Brent Miller has been a Seafood Producers Cooperative (SPC) member since 1988. But not only has Brent been a co-op member; so have his wife Julie and their 4 children—Ben, 23; Janilee, 19; Bryce, 17; and Jenaya, 6. Fishing has been a way for their family to stay together.
What the Millers like about being part of Seafood Producers Cooperative is that it’s also like a big family. When the Millers call into the SPC office, they know the office staff. They know Patty, who takes care of their loan accounts. They know Kathi who manages their vessel insurance.
“What we like about SPC is the personal touch. That’s something we value in our family, too. Fishing has changed over the years. The politics, the people. But at SPC, we feel like we’re part of the family. We know the people. Even though the co-op has grown, it’s still Old School. There’s still a personal touch. Our children have benefited from SPC Scholarships. We take pride in the co-op and the fish we deliver to the co-op. Knowing that it’s going to good customers who value quality is important. We know SPC values that personal touch that we do.”
That personal touch starts with the fishermen, with the fish they catch and the personal care they give in cleaning and preparing the fish for delivery, but extends throughout the cooperative, and to our customers.
Part of the personal touch means helping members navigate their families’ educational needs. Brent’s oldest son Ben is applying to grad schools and has been receiving an SPC Scholarship, which helps fishermen’s children get an education. “He’s a real intellectual,” Brent says. “He is a history major and a poli-sci minor and he’s very interested in history. He’d like to be a professor at a smaller liberal arts college or a religious school. He likes looking at the connections in life—it’s not just history he’s interested in.”
Janilee is hoping to be an elementary school teacher and loves teaching children how to read and learning each child’s personal needs and how to help them succeed. Janilee’s job on the boat is to take care of her younger sister Jenaya, who has Down syndrome, but like her siblings, Janilee runs the fishing lines, cleans the fish, drives the boat, and helps to cook the meals. She knows sign language not only to communicate with those who are hard-of-hearing but as a memory aid for teaching.
Fishing has been the Miller family’s means of income over many years, but it’s also been part of why they’ve been able to stay together.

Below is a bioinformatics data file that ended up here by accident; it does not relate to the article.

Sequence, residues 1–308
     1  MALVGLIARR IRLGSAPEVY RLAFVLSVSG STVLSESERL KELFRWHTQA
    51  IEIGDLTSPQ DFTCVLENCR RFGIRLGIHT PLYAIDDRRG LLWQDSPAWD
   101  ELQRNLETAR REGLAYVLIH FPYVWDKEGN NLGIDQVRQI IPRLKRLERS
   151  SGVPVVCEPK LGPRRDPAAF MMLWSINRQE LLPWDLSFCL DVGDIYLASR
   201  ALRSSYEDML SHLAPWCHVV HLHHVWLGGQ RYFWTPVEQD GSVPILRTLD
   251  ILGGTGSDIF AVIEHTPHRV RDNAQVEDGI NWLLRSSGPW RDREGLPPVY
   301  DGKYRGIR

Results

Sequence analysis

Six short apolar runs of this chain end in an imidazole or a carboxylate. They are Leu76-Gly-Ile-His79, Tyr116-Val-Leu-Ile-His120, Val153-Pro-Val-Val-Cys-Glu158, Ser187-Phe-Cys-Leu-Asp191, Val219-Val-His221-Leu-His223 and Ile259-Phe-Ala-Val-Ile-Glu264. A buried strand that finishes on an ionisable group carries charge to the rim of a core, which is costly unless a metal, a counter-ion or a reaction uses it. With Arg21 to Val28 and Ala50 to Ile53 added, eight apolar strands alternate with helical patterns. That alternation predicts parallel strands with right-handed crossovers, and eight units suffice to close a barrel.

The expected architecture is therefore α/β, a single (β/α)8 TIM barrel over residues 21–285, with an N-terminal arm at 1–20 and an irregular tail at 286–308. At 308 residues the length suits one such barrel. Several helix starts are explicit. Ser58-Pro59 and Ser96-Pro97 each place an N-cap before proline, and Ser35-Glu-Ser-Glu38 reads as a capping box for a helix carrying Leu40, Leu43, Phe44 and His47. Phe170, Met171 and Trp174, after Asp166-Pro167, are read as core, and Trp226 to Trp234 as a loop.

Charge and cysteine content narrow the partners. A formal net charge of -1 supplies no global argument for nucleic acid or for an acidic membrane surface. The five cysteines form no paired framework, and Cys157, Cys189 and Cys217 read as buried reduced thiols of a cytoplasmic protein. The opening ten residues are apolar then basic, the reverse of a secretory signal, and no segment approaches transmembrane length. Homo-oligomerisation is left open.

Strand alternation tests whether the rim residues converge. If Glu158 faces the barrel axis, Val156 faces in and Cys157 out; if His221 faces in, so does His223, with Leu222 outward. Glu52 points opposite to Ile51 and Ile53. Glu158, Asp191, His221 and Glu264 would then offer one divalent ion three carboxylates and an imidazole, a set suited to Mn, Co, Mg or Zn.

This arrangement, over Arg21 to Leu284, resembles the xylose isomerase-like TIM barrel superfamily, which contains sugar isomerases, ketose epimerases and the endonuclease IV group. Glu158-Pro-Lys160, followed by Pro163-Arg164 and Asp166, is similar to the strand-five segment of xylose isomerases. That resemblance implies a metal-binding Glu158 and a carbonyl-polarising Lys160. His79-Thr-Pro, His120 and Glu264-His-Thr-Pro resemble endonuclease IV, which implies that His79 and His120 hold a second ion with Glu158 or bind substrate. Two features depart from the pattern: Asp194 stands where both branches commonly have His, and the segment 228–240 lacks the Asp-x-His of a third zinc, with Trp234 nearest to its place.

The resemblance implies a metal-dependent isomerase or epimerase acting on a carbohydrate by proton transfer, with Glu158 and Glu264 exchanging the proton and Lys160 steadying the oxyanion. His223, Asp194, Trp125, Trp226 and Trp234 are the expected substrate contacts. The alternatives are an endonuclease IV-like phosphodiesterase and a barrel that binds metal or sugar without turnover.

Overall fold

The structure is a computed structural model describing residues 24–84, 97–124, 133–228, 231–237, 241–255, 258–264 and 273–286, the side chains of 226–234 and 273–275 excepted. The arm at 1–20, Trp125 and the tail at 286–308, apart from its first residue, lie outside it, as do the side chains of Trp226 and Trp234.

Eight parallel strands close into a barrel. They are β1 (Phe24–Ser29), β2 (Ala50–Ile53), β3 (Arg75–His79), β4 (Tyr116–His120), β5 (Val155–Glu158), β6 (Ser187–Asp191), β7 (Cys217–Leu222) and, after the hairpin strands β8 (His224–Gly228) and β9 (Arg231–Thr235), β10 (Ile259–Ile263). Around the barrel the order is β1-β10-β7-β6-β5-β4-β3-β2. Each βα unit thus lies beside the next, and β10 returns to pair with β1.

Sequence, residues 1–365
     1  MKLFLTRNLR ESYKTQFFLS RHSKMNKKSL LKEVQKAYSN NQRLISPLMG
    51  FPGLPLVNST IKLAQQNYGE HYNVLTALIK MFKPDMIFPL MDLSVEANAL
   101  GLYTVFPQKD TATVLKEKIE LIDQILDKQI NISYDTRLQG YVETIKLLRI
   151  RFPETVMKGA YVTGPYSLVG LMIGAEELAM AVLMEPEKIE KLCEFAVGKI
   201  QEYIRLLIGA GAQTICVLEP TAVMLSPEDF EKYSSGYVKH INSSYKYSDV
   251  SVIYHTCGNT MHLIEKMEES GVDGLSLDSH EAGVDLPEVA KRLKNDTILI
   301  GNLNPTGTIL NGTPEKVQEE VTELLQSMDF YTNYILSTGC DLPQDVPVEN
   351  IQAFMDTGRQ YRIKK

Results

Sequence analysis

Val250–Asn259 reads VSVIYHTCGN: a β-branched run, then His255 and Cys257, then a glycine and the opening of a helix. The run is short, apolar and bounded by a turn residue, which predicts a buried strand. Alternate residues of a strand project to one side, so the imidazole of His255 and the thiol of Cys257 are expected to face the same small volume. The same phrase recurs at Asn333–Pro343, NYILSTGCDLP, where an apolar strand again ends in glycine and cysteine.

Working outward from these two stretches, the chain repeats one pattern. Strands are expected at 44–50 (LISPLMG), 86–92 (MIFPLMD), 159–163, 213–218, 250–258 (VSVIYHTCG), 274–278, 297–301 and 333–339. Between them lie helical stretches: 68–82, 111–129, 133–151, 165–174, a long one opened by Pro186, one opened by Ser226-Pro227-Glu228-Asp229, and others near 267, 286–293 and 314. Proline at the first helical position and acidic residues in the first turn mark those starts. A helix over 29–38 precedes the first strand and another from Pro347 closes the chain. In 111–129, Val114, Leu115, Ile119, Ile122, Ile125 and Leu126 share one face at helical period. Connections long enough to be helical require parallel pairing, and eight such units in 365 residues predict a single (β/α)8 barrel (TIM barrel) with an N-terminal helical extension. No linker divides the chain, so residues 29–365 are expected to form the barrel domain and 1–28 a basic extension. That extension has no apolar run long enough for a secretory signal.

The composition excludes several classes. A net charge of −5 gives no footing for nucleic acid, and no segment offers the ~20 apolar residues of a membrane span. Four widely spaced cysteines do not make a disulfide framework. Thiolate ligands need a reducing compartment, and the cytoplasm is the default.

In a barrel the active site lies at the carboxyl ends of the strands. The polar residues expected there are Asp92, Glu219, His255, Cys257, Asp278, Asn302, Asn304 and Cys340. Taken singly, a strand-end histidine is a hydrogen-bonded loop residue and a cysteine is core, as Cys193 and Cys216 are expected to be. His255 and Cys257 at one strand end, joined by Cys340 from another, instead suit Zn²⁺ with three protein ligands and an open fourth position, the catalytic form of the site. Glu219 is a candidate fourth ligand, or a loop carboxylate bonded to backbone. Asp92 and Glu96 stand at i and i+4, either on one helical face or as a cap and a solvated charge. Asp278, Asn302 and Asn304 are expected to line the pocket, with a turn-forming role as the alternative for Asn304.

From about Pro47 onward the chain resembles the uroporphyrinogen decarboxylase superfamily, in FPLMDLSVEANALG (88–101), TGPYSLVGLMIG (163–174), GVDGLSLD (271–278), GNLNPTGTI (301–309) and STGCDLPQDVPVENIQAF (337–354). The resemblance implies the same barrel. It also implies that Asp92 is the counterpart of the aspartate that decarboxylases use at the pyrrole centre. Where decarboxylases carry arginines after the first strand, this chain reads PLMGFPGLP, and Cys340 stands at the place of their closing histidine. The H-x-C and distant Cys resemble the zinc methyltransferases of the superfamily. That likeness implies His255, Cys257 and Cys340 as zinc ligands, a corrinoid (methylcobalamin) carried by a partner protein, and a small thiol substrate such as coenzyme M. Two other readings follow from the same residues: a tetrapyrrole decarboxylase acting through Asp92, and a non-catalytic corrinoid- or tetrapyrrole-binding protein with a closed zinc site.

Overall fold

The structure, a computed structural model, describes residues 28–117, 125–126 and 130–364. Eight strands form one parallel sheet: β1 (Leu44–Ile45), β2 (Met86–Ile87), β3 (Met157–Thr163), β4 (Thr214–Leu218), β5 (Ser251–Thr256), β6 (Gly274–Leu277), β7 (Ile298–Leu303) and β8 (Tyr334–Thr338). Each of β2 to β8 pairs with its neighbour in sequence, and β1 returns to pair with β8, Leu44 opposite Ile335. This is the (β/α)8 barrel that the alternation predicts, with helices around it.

This family of 6 lives comfortably on their 48-foot boat, the North Fork, and Jenaya, 6, has been the beneficiary of having 3 built-in babysitters. “I think by living on the boat, our kids are more conscious of other people. They value relationships. They have to take care of each other. They can’t be selfish. They have to learn how to resolve their own conflicts. They’re each other’s best friends and they’re my best friends, too. Julie [my wife] too. She doesn’t just love fishing. She wants to go fishing to keep the family together,” Brent says.
Like most fishermen, Brent values freedom—the freedom to be your own boss, knowing that if you work hard, you’ll most likely be rewarded fairly. But for Brent, that freedom also means the ability to do something to stay together. In an age when so many families spend much of their time apart, he feels truly blessed to have raised his kids on the boat, where they learned about life together. “More than for any other reason, the reason we do this is to stay together. It’s for family. It’s about quality conversation and quality time.”
The family spends about 7 months a year around Sitka, Alaska fishing and the other 5 months of the year in Davenport, Washington on Julie’s parents’ wheat farm.
The Millers have made sacrifices to stay together. They’ve had to make adjustments. They’ve had to learn how to be patient. “We’re doing whatever we can to take care of each other. Some years, it’s one week that will take you over the expense range and you break even. Sometimes it isn’t until September. You can’t bank on anything in fishing. You can’t expect. At the end of the day, though, the most important thing is family and staying together and enjoying quality time together. We don’t run 15 hours just to find fish. On slow days, we might drop a kayak and just spend the afternoon paddling. Just to be together. It might mean less fish, but that time together is important. We value the opportunity to connect. Fortune is in other things, not in money.”